The non-payment of social security contributions – whether on purpose or not – to the country’s crumbling pension funds has grown to unprecedented proportions, with expired debts referred to the Center for the Collection of Social Security Arrears (KEAO) adding up to 16.6 billion euros in end-June from 15.7 billion in end-March.
Data show that many debtors who had sought to settle their arrears via a payment plan are unable to keep up with their installments, so that out of the 147,308 debt cases adjusted to payment plans only 50,249 remain on course and 8,842 have been successfully completed; the other 88,217 have fallen by the wayside, with those debts once more being described as “expired.”
It appears from the numbers that the hike imposed on contributions has not only failed to tackle the problem of pension funds’ financing but has also exacerbated it, as employers and employees are increasingly unable to pay their dues. Observers warn that the new hikes for both salaried employment and for the self-employed and farmers will lead to a collapse of funds’ revenues.
In fact, the total expired debts to social security funds are far above the 16.6 billion euros referred to KEAO (concerning debts of over 5,000 euros each) and are estimated to add up to around 25 billion euros.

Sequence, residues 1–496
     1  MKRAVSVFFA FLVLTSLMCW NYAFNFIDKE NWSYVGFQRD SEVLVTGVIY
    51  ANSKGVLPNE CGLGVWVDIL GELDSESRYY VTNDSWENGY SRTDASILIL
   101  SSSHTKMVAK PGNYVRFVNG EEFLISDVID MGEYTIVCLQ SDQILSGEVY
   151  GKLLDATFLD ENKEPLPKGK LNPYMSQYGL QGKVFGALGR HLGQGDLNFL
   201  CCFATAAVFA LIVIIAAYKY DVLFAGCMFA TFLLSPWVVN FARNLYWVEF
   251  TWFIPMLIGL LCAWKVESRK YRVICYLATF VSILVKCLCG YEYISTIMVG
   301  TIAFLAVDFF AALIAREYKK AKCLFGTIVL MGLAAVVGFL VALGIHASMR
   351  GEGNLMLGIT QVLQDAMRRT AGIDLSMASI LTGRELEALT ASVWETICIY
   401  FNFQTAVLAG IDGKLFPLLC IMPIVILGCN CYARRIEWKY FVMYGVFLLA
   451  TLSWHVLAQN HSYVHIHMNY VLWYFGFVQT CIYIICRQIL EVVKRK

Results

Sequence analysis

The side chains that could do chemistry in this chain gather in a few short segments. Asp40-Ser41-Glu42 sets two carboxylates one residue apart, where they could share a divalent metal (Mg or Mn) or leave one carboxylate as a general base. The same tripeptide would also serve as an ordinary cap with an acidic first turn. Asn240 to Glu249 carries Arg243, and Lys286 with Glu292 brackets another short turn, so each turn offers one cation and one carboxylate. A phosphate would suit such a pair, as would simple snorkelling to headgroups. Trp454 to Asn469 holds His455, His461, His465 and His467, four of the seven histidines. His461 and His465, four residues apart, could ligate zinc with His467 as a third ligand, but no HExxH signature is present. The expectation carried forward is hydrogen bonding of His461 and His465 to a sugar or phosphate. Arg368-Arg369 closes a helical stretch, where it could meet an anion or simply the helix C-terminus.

In an effort to increase the funds’ revenues, KEAO is now proceeding to the separation of regular dodgers from those who are genuinely unable to pay due to financial restrictions, imposing strict measures on the former through a campaign of repossession notices and through corporate insolvency inspections. A few days ago KEAO obtained full access to the bank accounts of debtors so that experts can assess the profile of those who have significant arrears by monitoring their bank transactions.
The Labor and Social Security Ministry, meanwhile, will try to convince the country’s creditors to agree to the reentry into a payment plan of debtors who may have missed installments by mistake or for reasons beyond their control.